Hospital mortician breaks down in tears over ‘conveyor belt’ of Covid-19 deaths
A hospital mortician broke down in tears as spoke about the ‘conveyor belt’ of coronavirus deaths.
Royal London Hospital mortician Hannah Leahy started crying as she discussed the growing number of bodies arriving at the mortuary.
It comes as daily Covid-19 deaths reach record highs in the UK, with hospitals and NHS staff at breaking point.
When asked by the BBC’s Chris Myrie whether it now ‘feels like a conveyor belt’, Ms Leahy said: “It does, in a way, I hate to say that because I hate to think of it like that, but yes it is, almost.”
She added: “Although it’s our job, and we deal with dead people every day, this level I think has taken its toll.”
Ms Leahy, who works as an anatomical pathology technologist, then broke down and said ‘this is how it makes you feel’.
The mortician told the BBC that she cannot talk to her friends or family about the fatalities she is dealing with as no one wants to talk about death.
The BBC report also showed clinical care consultant Marie Healy battling back tears as she told a 28-year-old patient’s wife that he may die from Covid-19.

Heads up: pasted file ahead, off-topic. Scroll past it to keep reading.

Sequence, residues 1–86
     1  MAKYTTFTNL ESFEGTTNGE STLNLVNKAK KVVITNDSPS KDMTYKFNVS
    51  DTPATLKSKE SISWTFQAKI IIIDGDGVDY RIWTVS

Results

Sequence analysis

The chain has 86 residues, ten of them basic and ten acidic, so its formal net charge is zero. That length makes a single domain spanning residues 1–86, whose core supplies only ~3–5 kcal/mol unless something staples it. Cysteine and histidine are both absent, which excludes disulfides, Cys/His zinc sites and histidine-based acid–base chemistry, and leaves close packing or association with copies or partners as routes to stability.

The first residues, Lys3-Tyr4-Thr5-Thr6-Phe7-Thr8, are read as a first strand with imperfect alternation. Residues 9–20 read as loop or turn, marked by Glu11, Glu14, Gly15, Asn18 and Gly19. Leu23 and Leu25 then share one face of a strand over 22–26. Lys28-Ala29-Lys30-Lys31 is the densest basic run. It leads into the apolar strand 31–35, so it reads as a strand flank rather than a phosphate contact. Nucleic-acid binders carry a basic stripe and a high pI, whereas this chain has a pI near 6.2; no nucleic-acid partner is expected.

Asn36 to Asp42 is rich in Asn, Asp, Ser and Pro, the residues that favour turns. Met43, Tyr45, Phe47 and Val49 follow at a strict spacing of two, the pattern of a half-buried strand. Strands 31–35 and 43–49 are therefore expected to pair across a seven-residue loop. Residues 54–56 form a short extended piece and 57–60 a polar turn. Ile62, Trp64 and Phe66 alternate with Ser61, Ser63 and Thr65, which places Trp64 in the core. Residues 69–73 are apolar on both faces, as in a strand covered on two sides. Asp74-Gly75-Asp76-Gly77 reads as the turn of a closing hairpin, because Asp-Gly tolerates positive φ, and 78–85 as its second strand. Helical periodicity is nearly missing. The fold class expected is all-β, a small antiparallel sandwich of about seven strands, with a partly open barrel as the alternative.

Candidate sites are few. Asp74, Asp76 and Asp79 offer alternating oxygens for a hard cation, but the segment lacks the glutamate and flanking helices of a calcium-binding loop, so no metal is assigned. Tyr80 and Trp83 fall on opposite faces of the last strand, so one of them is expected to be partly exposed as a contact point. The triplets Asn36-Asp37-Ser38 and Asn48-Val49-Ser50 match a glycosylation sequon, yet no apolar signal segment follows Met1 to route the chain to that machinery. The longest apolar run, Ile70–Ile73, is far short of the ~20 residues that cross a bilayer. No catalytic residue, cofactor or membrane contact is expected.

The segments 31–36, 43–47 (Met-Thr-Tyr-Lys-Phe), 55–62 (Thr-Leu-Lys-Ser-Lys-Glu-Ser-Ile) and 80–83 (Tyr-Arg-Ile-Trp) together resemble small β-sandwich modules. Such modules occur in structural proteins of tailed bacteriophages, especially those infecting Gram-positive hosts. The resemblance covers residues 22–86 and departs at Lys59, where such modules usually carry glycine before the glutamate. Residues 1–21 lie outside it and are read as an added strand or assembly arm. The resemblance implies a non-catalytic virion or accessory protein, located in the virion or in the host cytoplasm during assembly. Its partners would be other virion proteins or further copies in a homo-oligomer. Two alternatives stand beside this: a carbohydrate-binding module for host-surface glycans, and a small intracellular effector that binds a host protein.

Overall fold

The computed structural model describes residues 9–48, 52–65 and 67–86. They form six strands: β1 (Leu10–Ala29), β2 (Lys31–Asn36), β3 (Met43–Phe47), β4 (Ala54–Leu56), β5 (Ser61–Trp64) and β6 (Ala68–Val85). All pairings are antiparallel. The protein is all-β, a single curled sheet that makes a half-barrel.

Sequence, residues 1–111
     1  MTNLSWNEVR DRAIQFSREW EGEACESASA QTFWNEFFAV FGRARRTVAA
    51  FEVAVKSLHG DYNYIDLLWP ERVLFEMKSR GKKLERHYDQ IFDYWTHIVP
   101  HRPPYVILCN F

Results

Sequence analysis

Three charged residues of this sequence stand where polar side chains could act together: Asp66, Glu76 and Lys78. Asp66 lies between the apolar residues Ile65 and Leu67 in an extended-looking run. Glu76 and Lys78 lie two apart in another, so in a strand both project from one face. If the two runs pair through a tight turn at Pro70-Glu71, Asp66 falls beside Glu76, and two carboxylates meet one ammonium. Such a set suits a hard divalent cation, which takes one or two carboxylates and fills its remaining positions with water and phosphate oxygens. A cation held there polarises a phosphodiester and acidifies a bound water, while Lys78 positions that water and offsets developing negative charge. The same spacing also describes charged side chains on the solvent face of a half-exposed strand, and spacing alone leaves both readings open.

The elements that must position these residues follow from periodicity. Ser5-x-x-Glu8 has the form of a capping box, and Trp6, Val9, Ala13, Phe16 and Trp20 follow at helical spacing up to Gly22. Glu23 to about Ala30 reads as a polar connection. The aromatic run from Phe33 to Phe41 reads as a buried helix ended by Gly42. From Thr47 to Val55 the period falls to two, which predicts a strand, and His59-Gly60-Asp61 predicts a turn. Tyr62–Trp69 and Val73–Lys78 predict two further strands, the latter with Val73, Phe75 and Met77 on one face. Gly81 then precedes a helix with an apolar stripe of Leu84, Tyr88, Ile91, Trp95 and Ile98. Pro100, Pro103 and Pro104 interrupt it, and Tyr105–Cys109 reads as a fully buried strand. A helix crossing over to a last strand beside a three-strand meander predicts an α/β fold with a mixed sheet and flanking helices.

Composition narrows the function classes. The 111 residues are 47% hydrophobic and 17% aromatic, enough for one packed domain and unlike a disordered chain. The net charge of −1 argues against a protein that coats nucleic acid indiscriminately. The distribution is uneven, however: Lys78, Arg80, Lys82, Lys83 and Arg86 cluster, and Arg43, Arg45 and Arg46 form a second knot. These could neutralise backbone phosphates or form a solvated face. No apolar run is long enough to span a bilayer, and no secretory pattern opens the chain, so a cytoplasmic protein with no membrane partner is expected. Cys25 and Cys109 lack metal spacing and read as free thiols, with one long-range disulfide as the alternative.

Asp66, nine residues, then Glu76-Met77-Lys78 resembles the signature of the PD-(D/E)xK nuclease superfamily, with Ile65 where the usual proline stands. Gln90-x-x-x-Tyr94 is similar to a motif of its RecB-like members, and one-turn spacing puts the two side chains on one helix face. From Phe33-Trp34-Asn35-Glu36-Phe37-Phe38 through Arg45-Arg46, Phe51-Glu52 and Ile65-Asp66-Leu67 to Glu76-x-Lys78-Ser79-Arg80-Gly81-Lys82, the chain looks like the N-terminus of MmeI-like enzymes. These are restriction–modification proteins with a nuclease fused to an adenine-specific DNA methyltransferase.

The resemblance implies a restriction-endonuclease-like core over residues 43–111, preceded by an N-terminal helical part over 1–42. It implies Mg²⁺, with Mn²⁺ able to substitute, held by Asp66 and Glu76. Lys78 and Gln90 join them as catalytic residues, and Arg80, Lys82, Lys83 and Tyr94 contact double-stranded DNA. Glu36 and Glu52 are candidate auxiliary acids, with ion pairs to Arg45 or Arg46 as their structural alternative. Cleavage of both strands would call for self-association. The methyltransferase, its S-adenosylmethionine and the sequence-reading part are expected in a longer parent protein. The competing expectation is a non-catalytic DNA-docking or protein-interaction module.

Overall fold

She said: “It’s very difficult because this poor family have been through a huge amount and actually someone nice, that makes it more difficult.’
“I think the public want to do the right thing, but I don’t feel they understand fully the scale of the problem.”
Home Secretary Priti Patel tonight announced a new £800 fine in England specifically aimed at parties of 16 or more people.
“The science is clear – such irresponsible behaviour poses a significant threat to public health,” Ms Patel told a Downing Street press conference after 94,380 UK deaths – up 1,290 since yesterday.
Martin Hewitt, Chair of the National Police Chiefs’ Council, said unlike the £10,000 fine for gatherings over 30, the £800 fine for gatherings over 15 would apply to both organisers and attendees.
He said: “They’re dangerous, irresponsible and totally unacceptable.
“And I hope the likelihood of an increased fine acts as a disincentive for people who are thinking of attending or organising such events.”
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